on July 22, 2012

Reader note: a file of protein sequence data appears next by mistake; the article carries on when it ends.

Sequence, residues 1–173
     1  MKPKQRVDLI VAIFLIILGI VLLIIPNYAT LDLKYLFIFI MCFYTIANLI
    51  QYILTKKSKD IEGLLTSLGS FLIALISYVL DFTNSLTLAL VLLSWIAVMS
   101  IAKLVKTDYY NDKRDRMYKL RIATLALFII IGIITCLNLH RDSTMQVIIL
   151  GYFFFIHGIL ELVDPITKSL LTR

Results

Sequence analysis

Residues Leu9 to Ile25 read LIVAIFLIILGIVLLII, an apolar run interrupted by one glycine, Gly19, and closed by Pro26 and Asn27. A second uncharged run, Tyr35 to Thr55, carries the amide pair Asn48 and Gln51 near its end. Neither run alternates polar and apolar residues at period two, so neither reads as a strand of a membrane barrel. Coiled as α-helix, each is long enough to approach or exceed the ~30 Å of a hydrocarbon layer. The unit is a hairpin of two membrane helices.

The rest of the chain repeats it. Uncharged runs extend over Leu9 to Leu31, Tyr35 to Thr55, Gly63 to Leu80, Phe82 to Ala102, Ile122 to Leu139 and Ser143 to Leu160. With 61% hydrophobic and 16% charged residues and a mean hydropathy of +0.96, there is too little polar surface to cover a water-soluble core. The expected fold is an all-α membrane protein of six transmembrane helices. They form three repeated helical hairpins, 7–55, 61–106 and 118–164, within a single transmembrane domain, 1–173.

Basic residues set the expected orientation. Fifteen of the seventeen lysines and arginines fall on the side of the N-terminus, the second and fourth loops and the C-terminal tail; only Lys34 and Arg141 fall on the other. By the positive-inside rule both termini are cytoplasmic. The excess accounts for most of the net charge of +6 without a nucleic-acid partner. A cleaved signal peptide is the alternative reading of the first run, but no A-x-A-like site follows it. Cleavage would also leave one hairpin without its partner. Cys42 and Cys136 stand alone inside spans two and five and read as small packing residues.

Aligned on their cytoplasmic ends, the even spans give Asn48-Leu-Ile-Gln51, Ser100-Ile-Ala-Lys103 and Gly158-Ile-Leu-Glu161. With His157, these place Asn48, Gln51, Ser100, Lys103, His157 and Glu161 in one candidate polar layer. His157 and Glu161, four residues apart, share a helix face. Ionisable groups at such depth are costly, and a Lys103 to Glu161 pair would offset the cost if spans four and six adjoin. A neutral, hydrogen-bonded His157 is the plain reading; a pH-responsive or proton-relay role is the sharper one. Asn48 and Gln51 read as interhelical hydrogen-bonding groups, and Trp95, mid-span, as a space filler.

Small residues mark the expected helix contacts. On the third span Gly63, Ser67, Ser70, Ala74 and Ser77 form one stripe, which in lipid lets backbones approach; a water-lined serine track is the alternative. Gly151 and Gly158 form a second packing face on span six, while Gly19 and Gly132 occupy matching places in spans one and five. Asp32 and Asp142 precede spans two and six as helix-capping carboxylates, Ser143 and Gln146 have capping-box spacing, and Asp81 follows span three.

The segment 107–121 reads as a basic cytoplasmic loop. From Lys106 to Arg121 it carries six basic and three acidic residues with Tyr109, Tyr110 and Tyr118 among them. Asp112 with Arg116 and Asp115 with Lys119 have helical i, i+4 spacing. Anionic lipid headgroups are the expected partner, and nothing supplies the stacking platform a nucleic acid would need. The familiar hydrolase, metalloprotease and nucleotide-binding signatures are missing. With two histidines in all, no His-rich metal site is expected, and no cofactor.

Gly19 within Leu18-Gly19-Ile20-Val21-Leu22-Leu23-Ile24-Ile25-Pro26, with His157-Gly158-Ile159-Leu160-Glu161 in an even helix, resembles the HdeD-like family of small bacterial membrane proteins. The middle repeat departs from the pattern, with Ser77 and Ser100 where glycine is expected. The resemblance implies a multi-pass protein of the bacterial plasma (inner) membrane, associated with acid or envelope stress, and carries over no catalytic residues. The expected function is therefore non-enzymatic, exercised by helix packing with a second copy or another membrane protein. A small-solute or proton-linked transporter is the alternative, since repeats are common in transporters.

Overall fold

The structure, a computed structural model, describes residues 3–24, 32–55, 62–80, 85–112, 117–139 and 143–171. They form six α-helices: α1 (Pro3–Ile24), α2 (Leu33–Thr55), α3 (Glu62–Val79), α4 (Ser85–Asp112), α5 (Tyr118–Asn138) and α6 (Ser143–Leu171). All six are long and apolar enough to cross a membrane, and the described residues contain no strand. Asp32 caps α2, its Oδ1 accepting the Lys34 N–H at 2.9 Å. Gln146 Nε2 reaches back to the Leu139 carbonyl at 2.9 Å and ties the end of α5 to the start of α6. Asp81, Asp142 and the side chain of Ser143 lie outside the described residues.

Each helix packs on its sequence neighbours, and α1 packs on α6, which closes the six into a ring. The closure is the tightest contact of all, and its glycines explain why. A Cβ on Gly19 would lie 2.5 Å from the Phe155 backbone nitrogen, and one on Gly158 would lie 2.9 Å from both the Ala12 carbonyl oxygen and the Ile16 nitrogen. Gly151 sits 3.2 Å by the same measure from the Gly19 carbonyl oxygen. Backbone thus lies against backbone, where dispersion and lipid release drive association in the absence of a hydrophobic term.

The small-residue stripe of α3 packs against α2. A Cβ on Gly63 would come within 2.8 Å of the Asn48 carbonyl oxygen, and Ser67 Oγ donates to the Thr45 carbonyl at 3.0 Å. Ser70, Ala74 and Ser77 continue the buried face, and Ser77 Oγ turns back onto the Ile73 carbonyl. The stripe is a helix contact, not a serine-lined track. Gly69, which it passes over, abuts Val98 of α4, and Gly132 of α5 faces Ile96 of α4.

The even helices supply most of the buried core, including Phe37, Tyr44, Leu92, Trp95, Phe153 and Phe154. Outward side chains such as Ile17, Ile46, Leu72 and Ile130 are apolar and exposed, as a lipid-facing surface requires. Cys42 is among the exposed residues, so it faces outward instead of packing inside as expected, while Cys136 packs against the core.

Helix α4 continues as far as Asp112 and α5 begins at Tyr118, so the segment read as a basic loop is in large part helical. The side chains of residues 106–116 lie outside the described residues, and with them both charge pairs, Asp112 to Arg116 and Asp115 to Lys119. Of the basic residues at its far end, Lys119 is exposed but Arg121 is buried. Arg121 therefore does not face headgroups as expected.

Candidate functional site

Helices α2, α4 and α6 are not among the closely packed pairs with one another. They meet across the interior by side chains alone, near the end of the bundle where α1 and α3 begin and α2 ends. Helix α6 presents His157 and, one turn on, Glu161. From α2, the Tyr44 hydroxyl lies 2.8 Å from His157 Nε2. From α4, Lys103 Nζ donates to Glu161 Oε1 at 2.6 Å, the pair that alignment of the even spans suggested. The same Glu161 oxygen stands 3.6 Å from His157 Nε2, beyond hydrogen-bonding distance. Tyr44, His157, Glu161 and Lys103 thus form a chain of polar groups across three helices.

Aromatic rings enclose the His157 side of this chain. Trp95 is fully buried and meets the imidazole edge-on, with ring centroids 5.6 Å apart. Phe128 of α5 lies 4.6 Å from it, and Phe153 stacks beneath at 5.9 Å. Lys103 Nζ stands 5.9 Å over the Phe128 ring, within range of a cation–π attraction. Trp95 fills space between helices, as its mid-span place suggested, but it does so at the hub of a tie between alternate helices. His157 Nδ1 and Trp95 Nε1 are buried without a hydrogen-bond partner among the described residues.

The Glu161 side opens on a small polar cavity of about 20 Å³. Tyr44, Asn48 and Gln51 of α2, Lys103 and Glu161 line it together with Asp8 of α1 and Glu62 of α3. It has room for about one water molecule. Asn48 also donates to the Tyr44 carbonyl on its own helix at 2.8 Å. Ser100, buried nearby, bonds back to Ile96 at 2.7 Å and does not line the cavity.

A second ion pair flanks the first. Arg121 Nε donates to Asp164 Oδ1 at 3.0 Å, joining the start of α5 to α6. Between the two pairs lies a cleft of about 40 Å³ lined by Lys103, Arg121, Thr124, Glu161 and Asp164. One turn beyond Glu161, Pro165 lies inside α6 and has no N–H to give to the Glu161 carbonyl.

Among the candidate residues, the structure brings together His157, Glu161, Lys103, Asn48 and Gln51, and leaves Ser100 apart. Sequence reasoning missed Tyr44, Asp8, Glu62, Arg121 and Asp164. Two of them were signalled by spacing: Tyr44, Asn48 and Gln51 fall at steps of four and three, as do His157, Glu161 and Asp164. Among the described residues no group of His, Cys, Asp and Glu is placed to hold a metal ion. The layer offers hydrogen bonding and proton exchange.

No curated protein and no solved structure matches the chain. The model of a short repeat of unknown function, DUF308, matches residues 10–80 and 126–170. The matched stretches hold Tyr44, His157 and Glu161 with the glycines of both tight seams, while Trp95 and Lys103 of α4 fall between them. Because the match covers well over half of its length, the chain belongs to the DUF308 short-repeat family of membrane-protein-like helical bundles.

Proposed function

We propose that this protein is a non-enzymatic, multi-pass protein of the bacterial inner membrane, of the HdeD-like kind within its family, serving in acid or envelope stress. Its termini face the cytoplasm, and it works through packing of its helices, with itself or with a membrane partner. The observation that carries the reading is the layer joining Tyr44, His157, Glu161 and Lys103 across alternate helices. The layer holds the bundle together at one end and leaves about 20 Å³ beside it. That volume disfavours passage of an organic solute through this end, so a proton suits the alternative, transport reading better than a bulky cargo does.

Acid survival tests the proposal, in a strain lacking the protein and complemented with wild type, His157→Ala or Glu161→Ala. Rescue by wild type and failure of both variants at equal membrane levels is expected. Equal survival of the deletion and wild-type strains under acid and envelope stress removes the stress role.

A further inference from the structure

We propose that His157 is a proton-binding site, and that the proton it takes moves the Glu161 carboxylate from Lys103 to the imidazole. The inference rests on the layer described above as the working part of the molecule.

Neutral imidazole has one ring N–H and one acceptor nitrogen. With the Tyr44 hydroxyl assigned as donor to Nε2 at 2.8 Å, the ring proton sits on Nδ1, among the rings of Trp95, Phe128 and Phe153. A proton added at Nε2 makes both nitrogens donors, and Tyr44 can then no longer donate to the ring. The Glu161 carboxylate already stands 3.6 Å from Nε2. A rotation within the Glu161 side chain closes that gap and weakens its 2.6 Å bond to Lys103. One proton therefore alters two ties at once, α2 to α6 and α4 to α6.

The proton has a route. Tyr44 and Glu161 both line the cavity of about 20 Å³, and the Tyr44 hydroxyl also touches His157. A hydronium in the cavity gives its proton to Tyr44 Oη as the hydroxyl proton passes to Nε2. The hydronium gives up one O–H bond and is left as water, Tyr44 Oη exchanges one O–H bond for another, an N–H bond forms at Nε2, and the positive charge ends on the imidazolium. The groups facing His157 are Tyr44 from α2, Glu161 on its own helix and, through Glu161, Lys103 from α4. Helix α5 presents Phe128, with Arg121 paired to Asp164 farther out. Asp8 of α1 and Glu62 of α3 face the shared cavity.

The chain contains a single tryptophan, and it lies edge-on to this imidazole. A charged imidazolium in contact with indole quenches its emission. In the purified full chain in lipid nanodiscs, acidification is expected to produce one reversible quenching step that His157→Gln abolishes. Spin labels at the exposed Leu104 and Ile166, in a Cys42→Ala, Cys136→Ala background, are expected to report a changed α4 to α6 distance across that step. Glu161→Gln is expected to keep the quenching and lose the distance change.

The Berlin of my imagination is 1920s and early 1930s Berlin; the Berlin of Sally Bowles and Cabaret and smoky nightclubs. At the heart of that Berlin were the Alexanderplatz and the Potsdamer Plat, and being an ardent fan of Christopher Isherwood’s writing (author of 'Goodbye to Berlin') hearing the name Alexanderplatz always conjures up his stories and characters in my mind. Of course, today’s Alexanderplatz is a far cry from the one depicted by Isherwood. It would be: this part of Berlin was heavily damaged by allied bombing during World War Two and after the war the Alexanderplatz was in that part of Berlin under the command of the Soviets. In the 1960s the East Germans decided to make the Alexanderplatz a showcase of socialist design and erected some pretty hideous concrete eyesores. Since the fall of the Berlin Wall the face of the Alexanderplatz has changed again but in contrast with some other areas of East Berlin, it’s still pretty obvious that this square was in East Berlin. It’s certainly not one of the more aesthetically appealing parts of the city but, as a major transport hub and with a number of popular attractions in the area, few tourists come to Berlin without crossing the Alexanderplatz at least once or twice. Originally a cattle market, there’s been a meeting and trading place on this site since medieval times, when it was outside the city proper. The Alexanderplatz was given its name to commemorate a visit in 1805 of the Russian Emperor Frederick I; today the locals simply call it the Alex. In the 1960s several commercial buildings were constructed here, some of which still stand, re-vamped. Dominating the square is the Fernsehturm (the television tower) the second tallest structure in Europe; for me, the Alexanderplatz will typify East German Berlin whatever other changes are made, as long as the Fernsehturm still stands.It is the Fernsehturm that is the most recognisable symbol of the Alexanderplatz. Nicknamed the ‘Tele-spargel’ (the toothpick), it was built in 1969 and remains one of the tallest structures in Europe at 365 metres. A lift takes visitors up to a viewing platform at 203 metres and a restaurant at 207 metres. We only saw big queues to go up to the viewing platform and decided not to waste our time queuing; later in the trip we took the lift to the viewing platform at the Panoramapunkt at the Potsdamerplatz where there was no queue and the cost was considerably less, though as far as iconic experiences are concerned, I can understand why people still want to do the Fernsehturm. Another sight on the Alex is the World Clock, a structure that is some ten metres tall but still manages to look somewhat squat to me. A revolving cylinder shows all the international time zones and the major cities within each one and from this you can find the time anywhere in the world (so long as you actually know where the place is!). Perched on the top is an orrery (a model of the solar system) which revolves once a minute. It makes me smile to think that projects like this which connect people (at least notionally) in a global way were conceived at a time when East Germans were denied the freedom to travel at will. (Also on the Alex is the ‘Haus des Reisens’ (the House of Travel), an ugly building which seems needlessly vast when you consider how few East Germans actually did get to travel.) When the clock was renovated as part of a regeneration of the Alex in 1997, the cities of Jerusalem, St. Petersburg and Cape Town had been removed. The Fountain of International Friendship was dedicated in 1970 and was created by a group of artists led by Walter Womack; I understand it was renovated about ten years ago but to me it looked rather dated and sadly neglected. The outer ring, where the water pools, measures 23 metres and water cascades down a series of ugly shelves of different heights. An ugly tiled frieze depicts a series of painted images of birds, flower and plants. Perhaps once it was lovely, today it looks rather sad. The Alex is not really a square with lots of places provided to sit so the outer wall of the fountain tends to be the place where people find a place to rest their legs. There are one or two newer buildings which have been erected since reunification but they are, in my opinion, uninspiring and unmemorable. The partial regeneration of the square was overseen by Hans Kollhoff, the man responsible for the massive redesign of the Potsdamerplatz. I’m not mad on what his team came up with for the Potsdamerplatz so it’s hardly surprising that I’m rather underwhelmed by the Alexanderplatz, a large open space that could really handle a statement project. For me there’s nothing that overshadows the iconic honey-comb facade of the former ‘Centrum Warenhaus’, once the largest department store in East Germany and now part of the famous Kaufhaus group.We skirted the Alexanderplatz a couple of times during our four day stay in Berlin and on Sunday morning we lingered there a little longer as we made our way towards the cluster of museums nearby on the banks of the River Spree. It was December and the Christmas markets were in full swing around the city; there are Christmas markets wherever there is enough space to swing a proverbial cat but the one at Alexanderplatz was one of the larger ones we saw and it was extended by the presence of a funfair with rides and sideshows. Personally I don’t care a great deal for the Christmas markets; usually when you’ve seen one, you’ve seen them all and this was the case in Berlin where each market seems to be selling the same stuff as any other. Still, the stuff is quite nice and tends to be of a reasonable quality so if you are looking for souvenirs then the Christmas markets will probably have something that appeals. One place that did catch my eye was an Alpine style wooden chalet plonked on the edge of the Alexanderplatz. As I passed by the windows the twinkling of a million glittery Christmas tree decorations caught my eye and, like a magpie, I couldn’t resist. Lauschaer Glaskugelhaus has literally hundreds of different designs from simple spheres and teardrop shapes to baubles shaped like a slice of cake, a curvaceous lady in basque and suspenders and even a glittery Brandenburg Gate. I couldn’t resist and came away with lots of presents for family and friends and treats for our own tree; of course, learning that its a German tradition to hang one on the tree, I had to include a little glass gherkin among my purchases. Although you wouldn’t make a point of visiting the Alexanderplatz just for the sake of it, there are plenty of things of interest to spot when you do happen to cross the square and it is one of the iconic spots in the city in terms of history. In November 1989, during the ‘Peaceful Revolution’ the Alex was the scene of the largest ever demonstration in East Germany, with estimates of attendance varying between half a million and a million (irrespective of the precise number, it was definitely the largest such rally); the demonstration was organised by East German actors and other theatrical professionals and it was notable in that it was the first demonstration organised by private individuals that was given permission by the authorities. If you’re interested in recent German history it’s worth taking the time to find out about the buildings and features of the Alex rather than simply passing through on the way to somewhere else. It may not be the prettiest part of Berlin but it's certainly one of the most interesting.